|Conflict Resolution||<– Date –> <– Thread –>|
|From: mbishop (mbishopasf.com)|
|Date: Fri, 4 Dec 1998 18:29:03 -0600|
Thank you very much for the continued input on this thread. I have been listening carefully and reading about formal consensus. I have moved further down the road of enlightenment so my questions have shifted. First, I will attempt to concisely summerize what I have learned or at least what my newly formed opinions are, then I have another quesiton for you. 1. I am just about convinced that consensus and majority vote are fundamentally incompatible and a formal process to fall back to a majority vote on a proposal is not in the best interest of the group. 2. No formal consensus process can improve on strong commitment, right skill, right attitude and commonality of principals of the individuals to consensus in the group. 3. Blocking consensus is blocking consensus but it is not a dirty word, evil, or a bad thing. Conflict needs to be encouraged. 4. People have and will attempt to use the consensus proces for reasons counter to the interest of the group as a whole. It is in the interest of the group to have a formal group process that is invulnerable to this abuse. 5. A successful consensus processes requires, at minimum, a skilled facilitator. And preferably, most people in the group need to be skilled at facilitation and understand the intent and philosophy behind the consensus process. (I believe training process for new members is required or highly recommended. After a group jump start with formal training, I think a training plan based on a buddy system sounds like the right way to go. What do you think?) 6. A Parliamentary process or majority vote process is counter to building community. The focus is on the vote. Consensus is symbiotic to building community. The focus is on the interest of the individuals as a member of a group. This is the same focus for building and maintaining community. 7. In consensus, it is the responsibility of the individual to raise concerns. It is the responsibility of the group to resolve those concerns. It is the responsibility of the individual to either consent, step aside to allow consensus, or block consensus based on group principals and values. It is the responsibility of the group to decide on the legitimacy of the blocked consensus. 8. If the group thinks that the reason for the blocked consensus is based on the principals of the group, then consensus is blocked. Period. Perhaps the principals and values of the group need to be re-evaluated or further clarified. On the other hand, if a majority of the group think that the reason for blocking consensus is not based on group principals, then the individual non-consent is not recognized as blocking consensus. 9. Particularly for us that are less skilled in communication (and perhaps less self awareness), the real issue behind blocked consensus is often not the initial issue stated. It takes some time, caring, and technique to get to the real issue. A formal consensus process needs to allow, promote, and encourage an environment for the real issues to come to the surface. With this new knowledge in my head, I am now pondering on this proposal: If consensus is felt to be blocked by an individual or a minority, any member can call the group to proceed to a vote. However, the vote is not on the adoption of the proposal blocked. Instead, the vote is on whether the blocked consensus is legitimate. Calling to proceed to a vote means the following: ? At least one meeting is held with the only agenda of determining the real concerns behind the blocked consensus and the legitimacy of those concerns. It is not the intent of the meeting to persuade the minority to the majority view. A skilled unbiased facilitator is recommended. ? With this new knowledge, at least one meeting is held with the only agenda of discussing and deciding on the proposal. ? If consensus is still blocked (with the same block), a meeting is held to decide on the legitimacy of the blocked consensus. This is done with an outside facilitator. At the end of the meeting the members vote where more than 25% for legitimacy blocks the proposal. Otherwise, the concern is not legitimate and does not block consensus of the group. What are the guidelines for legitimacy needs further thought. Please poke at this. Thanks.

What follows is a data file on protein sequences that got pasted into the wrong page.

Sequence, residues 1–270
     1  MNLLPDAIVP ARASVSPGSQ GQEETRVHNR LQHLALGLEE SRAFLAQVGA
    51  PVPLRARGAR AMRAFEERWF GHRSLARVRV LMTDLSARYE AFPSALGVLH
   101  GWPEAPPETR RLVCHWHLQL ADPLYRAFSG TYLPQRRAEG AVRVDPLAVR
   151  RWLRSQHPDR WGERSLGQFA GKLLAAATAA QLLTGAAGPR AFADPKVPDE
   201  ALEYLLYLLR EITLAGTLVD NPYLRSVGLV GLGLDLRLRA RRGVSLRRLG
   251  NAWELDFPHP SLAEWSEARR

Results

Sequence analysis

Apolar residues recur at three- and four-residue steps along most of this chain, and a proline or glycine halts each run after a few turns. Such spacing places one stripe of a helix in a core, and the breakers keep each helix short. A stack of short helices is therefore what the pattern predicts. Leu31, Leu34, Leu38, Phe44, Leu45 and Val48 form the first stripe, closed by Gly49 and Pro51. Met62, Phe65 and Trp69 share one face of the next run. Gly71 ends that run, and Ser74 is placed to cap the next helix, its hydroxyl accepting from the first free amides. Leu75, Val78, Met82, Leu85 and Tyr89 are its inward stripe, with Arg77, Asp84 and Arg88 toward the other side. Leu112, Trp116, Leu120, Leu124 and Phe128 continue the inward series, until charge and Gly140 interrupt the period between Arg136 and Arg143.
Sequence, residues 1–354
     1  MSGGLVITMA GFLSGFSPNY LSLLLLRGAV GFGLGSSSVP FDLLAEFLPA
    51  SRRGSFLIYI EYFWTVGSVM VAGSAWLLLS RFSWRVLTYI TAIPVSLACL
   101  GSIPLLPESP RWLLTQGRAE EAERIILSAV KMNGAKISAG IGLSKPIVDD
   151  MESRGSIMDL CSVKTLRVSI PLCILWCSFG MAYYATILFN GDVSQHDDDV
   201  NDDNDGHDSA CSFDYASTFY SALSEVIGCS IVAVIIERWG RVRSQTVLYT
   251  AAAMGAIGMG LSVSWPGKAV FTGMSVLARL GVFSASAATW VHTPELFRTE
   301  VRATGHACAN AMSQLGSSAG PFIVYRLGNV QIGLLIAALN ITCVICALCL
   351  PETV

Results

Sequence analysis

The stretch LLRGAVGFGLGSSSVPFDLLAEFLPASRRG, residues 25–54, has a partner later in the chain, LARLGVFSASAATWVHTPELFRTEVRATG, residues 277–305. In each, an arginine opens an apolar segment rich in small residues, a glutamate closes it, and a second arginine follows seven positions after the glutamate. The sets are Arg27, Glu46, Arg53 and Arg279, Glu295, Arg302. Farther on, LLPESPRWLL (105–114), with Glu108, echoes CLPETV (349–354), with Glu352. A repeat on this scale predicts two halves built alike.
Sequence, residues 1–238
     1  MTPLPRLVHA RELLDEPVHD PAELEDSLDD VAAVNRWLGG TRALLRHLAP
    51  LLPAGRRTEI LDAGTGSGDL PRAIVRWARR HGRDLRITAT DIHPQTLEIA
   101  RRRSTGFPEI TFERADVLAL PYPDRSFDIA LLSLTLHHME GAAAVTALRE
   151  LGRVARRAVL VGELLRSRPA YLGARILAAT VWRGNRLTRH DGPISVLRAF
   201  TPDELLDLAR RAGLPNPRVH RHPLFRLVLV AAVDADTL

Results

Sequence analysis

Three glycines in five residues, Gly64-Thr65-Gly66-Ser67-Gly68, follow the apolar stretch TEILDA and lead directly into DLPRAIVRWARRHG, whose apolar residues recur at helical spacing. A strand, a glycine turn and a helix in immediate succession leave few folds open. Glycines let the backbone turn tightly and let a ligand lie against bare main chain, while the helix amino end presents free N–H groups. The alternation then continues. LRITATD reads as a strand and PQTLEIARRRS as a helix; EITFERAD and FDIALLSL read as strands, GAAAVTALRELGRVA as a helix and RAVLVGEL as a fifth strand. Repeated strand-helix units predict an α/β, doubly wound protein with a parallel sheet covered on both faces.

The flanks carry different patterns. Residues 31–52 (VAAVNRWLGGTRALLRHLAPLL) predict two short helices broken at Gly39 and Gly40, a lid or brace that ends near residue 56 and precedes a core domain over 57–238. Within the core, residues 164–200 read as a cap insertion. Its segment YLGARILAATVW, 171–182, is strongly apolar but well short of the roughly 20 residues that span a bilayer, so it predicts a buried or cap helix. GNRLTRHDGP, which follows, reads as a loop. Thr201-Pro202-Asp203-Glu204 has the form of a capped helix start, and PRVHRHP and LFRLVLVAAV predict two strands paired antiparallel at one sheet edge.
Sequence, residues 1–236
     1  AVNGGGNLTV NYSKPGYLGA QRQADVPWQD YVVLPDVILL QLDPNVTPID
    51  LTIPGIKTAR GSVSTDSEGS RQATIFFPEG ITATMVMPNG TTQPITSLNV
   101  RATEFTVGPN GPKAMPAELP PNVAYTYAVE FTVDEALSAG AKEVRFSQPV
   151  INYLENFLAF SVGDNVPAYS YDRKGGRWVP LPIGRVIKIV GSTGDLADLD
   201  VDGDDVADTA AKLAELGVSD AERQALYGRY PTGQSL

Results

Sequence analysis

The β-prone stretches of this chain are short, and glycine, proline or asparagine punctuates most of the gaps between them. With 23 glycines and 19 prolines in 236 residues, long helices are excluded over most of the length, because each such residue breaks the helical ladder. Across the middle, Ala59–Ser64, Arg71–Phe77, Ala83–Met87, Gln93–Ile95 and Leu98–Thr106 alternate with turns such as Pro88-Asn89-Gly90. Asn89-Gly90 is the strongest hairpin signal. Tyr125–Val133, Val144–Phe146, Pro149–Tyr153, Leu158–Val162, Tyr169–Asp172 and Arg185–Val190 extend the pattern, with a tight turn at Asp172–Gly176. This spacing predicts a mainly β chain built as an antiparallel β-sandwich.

- Conflict Resolution, (continued)
- Re: Conflict Resolution Kevin Wolf, December 4 1998
- Re: Conflict Resolution Stevenson/Bitner, December 5 1998
- Conflict Resolution mbishop, December 7 1998
- Re: Conflict Resolution James Nordgaard, December 10 1998
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